Summertime so avoid going toxic and get your Lithium levels checked

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Summer’s here, so if you’re taking Lithium as part of your recovery from manic depression it’s vital you get a blood test.

Because it’s possible for the Lithium levels in our blood to fluctuate, blood tests are always important when Lithium is part of our recovery regimen. In order to be effective Lithium must be at a specific concentration in our blood.

Too little and we might as well be eating Pop Rocks. Too much, and there’s a risk of toxicity, which at this time of year means heat exhaustion, heat stroke, and eventually a stay in the hospital.

But mostly it makes us irritable and a pain in the ass to be around.

Since dehydration is the largest factor in the fluctuations, heat and especially outdoor activities can seriously screw up the levels. Just a few hours under direct sunlight, at the wrong levels, can make it hard to think, hard to reason and turns the Lithium into something that works against you.

So it’s important to get the test done, then talk to your doctor about adjusting your dose — which generally means lowering it, sometimes for a few months, sometimes just during heat waves.

Getting tested regularly gives your doctor a better understanding of how your body is reacting to the Lithium, but even if you (kind of like me) only get them done occasionally, getting tested seasonally is vital.

End of Public Service Announcement… but it is important we take as much control over our recovery as we can handle, and getting at least a seasonal blood test is in that category.

…we’re on our second 30C+ heat wave here, and I’m definitely a candidate for lowering my dose.

I’m still not sure if it’ll work or not, but I just installed an air conditioner which could be as old as I am. Free is as much as I can afford these days, so at worst I just acquired a new coffee table.

I mostly bought it so my son’s little brain won’t bake when he stays with me. I had it going for two hours earlier, and I think I noticed the temperature drop a little, so there’s hope.

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...thanks.

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About Gabriel...

...diagnosed with manic depression in 1989, for the next 14-years I lived without treatment or a recovery plan. I've been homeless, one time I graduated college, I've won awards for reporting on Internet privacy issues, and a weekly humour column. In 2002 I finally hit bottom and found help. I have an 8-year old son, and a 4-year old son... I’m usually about six feet tall, and I'm pretty sure I screwed up my book deal. I mostly blog at saltedlithium.com....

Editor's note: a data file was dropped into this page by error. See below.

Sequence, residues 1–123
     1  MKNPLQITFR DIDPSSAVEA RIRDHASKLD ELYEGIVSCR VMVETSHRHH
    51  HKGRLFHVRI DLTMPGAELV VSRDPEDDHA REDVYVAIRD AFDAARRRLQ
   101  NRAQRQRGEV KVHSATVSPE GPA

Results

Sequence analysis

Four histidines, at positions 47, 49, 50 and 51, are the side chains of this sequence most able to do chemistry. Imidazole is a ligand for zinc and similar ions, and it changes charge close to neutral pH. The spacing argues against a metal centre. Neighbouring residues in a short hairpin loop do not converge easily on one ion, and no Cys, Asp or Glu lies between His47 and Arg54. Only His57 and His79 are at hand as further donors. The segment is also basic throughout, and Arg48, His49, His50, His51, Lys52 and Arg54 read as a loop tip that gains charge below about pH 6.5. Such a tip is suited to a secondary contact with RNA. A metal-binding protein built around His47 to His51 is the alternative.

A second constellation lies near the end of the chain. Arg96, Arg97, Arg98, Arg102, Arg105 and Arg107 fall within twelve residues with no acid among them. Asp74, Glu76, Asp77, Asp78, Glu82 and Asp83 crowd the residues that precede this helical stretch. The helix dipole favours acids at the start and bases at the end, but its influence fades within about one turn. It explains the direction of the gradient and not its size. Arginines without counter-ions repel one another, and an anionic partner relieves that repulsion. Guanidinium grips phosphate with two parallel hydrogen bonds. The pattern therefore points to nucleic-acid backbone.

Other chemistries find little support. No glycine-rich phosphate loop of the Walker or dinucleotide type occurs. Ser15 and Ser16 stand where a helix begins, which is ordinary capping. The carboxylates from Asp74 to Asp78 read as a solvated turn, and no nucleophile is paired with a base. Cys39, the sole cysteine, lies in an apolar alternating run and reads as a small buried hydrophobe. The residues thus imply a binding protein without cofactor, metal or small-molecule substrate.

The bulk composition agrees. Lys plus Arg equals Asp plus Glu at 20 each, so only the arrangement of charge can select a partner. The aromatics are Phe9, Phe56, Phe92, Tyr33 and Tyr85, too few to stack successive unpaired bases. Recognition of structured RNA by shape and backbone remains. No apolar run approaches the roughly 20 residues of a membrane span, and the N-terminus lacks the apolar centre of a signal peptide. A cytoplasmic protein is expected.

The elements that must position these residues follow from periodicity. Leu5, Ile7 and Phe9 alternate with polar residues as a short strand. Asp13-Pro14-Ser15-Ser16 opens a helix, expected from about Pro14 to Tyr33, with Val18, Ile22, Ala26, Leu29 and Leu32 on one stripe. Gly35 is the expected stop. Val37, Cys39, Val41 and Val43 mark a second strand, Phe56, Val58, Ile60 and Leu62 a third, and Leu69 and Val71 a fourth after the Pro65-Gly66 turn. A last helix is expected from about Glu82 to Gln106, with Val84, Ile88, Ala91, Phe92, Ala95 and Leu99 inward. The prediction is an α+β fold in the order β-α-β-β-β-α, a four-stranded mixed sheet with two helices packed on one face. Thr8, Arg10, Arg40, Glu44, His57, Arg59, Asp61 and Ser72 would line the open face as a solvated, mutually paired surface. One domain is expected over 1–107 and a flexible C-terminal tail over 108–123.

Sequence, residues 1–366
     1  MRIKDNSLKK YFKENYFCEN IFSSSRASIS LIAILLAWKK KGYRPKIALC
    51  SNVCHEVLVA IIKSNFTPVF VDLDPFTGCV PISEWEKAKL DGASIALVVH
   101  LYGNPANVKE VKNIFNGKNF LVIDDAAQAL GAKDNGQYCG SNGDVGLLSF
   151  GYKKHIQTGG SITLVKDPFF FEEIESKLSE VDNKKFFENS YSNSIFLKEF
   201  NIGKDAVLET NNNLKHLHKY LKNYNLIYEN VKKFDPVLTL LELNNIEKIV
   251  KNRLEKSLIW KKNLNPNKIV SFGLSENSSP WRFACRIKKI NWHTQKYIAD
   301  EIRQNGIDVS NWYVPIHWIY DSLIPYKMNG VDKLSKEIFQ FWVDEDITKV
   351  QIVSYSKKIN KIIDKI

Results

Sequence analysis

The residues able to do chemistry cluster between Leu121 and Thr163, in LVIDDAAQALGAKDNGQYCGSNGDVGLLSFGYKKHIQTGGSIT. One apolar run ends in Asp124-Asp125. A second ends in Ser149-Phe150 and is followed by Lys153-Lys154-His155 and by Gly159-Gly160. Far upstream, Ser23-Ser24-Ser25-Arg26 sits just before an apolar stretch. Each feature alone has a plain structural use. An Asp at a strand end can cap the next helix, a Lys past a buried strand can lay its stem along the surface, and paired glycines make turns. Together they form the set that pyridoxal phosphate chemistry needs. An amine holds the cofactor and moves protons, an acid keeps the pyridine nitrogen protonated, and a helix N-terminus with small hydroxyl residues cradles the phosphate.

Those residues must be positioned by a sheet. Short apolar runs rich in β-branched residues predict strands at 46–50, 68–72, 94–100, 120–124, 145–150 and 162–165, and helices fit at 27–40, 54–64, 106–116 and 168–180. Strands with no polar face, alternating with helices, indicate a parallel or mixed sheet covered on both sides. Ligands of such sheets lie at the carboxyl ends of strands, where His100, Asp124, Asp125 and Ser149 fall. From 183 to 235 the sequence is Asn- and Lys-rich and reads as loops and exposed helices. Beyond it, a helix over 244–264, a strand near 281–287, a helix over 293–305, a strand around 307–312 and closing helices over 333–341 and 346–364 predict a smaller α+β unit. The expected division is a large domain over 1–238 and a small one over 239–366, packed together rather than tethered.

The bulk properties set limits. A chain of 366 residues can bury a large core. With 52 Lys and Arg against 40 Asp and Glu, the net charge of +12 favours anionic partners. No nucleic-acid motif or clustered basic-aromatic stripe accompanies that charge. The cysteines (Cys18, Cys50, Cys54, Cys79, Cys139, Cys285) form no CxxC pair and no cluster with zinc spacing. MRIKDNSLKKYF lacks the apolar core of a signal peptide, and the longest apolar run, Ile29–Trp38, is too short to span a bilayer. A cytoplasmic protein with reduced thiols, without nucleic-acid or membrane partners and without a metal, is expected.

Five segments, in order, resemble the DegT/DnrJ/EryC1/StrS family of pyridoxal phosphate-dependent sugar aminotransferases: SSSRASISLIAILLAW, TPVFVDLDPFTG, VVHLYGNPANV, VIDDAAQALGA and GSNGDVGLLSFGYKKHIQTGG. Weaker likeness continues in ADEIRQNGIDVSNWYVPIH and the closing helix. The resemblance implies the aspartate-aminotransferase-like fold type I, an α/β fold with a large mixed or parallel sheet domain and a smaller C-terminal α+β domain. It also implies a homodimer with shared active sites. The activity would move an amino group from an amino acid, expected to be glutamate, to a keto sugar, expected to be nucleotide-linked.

This entry was posted in Bipolar, Bipolar Disease, Bipolar Disorder, crazy people with no pants, Health, Lithium, Living With Depression, Living With Manic Depression, Manic Depression, Mental Health. Bookmark the permalink.

4 Responses to Summertime so avoid going toxic and get your Lithium levels checked

  1. Bromac says:

    MyGawd! I can’t believe how hot it gets way up there! How is the humidity? The humidity is what gets us down here–feels like you’re walking out into a wet cotton ball when you leave the house.

    Try to stay cool!

    • Gabriel... says:

      BROMAC!! It is awesome to see your name in my sidebar again.

      All of the 40C days so far have gotten that hot because of humidity, but we can get that high without the wet factor. This wave broke yesterday with a huge thunderstorm, Southern Ontario actually had a tornado warning. Right now it’s a reasonable and bright 27C / 81F. According to The Weather Channel it’ll be the same for another two weeks. It usually gets bad between mid-July and mid-August — that’s entirely based on my memory, which is generally as accurate as The Weather Channel.

      Basically the Ottawa region, where I live, ranges from 40C to -40C / -40F, with the occasional +/- day. It makes things interesting.

  2. markps2 says:

    I nominate you for the Sunshine Award! ( check my blog for details)

  3. Rae says:

    I am thankful for a house that breathes well. I do not miss our old place for that!

    I think about you, though I am not as caught up as I’d like to be right now.

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